Area eighth-graders get schooled on in-demand craft jobs

By By Frank DiCesare / American Press

Eighth-graders from the five-parish

area on Tuesday got a firsthand look at the jobs that will be in demand

in Southwest Louisiana

as they grow into adulthood.

Nearly 4,000 students attended the

fourth annual Career Discovery Day at the Lake Charles Civic Center. The

event introduced

them to the skilled craft jobs that do not require a college

degree but will be in high demand in the region throughout the

next decade.

“There is already a certain amount of

communication happening to encourage students to look at where the jobs

are and look

at where the money is,” said Nancy Tower, North American

operations training and communications manager for Sasol, the event’s


“Those are two key messages that have

been missing in the past as we suggest that children pursue careers.

They go into degree

programs where there are no jobs in the area. They go into degree

programs where they really don’t understand how does that

income fit with what I expect my quality of life to be.”

Students visited booths manned by

representatives from 36 careers, including firefighting, nursing and

culinary arts. Representatives

from industry-related jobs were also on hand to speak to students

about jobs such as heavy-equipment operation, process technology,

millwright work, drafting and carpentry.

Students had 20 minutes to speak with

representatives and fill out a form that asked them questions about how

much a career

pays, its demand level, and whether it will help them live the

lifestyle they want in adulthood. Students were asked to turn

in their completed forms to their teacher when they were finished.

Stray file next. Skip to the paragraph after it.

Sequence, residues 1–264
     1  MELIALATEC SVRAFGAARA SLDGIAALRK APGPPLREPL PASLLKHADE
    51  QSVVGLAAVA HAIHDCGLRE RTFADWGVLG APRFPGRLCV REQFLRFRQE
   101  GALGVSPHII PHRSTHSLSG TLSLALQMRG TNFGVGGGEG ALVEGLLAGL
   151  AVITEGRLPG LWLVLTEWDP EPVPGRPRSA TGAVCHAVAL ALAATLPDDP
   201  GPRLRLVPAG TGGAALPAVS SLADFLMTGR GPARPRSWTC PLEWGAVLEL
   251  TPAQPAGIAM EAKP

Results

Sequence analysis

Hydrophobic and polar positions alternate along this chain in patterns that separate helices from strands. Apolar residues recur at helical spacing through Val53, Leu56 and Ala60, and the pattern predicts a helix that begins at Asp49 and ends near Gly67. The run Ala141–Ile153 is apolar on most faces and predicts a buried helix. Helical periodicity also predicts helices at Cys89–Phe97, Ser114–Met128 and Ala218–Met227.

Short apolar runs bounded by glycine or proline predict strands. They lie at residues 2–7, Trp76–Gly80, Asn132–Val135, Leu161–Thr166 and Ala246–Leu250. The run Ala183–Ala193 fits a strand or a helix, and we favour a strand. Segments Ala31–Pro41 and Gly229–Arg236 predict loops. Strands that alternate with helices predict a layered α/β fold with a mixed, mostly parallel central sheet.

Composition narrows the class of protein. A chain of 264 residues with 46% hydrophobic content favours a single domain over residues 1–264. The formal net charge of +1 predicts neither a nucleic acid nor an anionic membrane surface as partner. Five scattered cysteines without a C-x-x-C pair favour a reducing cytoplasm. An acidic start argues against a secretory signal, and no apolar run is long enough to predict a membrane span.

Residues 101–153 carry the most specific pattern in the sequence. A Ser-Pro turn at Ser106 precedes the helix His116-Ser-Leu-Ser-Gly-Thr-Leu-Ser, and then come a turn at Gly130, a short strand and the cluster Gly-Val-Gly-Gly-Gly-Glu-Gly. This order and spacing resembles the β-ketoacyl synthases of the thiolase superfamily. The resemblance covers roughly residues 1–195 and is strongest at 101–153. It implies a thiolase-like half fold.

One of event’s representatives, Justin Hart, a millwright from Chicago Bridge and Iron, said the demand for millwrights is

increasing, adding that it’s a great job for students to consider, especially those who like to work with their hands.

“For the kids who grow up liking to

build things, being able to say this is what we do on a daily basis, we

measure things

down to something less than the thickness of hair, that’s a

selling point for a lot of these kids who are interested in technical

knowledge,” he said. “They learn that I can make a difference that

could cost millions of dollars if I don’t do it right;

it does draw a bit of an eyebrow raise.”

Bob Smith, the event’s chairman and

former lab manager at Louisiana Pigment, said he wants students to

discover that not all

lucrative careers require a four-year degree. “This is a total

career for them; this will last for their whole life,” he said.

“If they don’t want to stay with that craft, they can always opt

out and go to college later. But for the immediate term they

can gain experience and maturity and gain a lot of money by

getting into these crafts.”

Smith said 74 percent of all jobs do

not require a four-year degree. He said students need to learn that you

don’t need to

be “a bookworm” to enter a career that pays well. “The pay for an

accountant is not what the pay for a welder is,” he said.

“A welder makes more money.”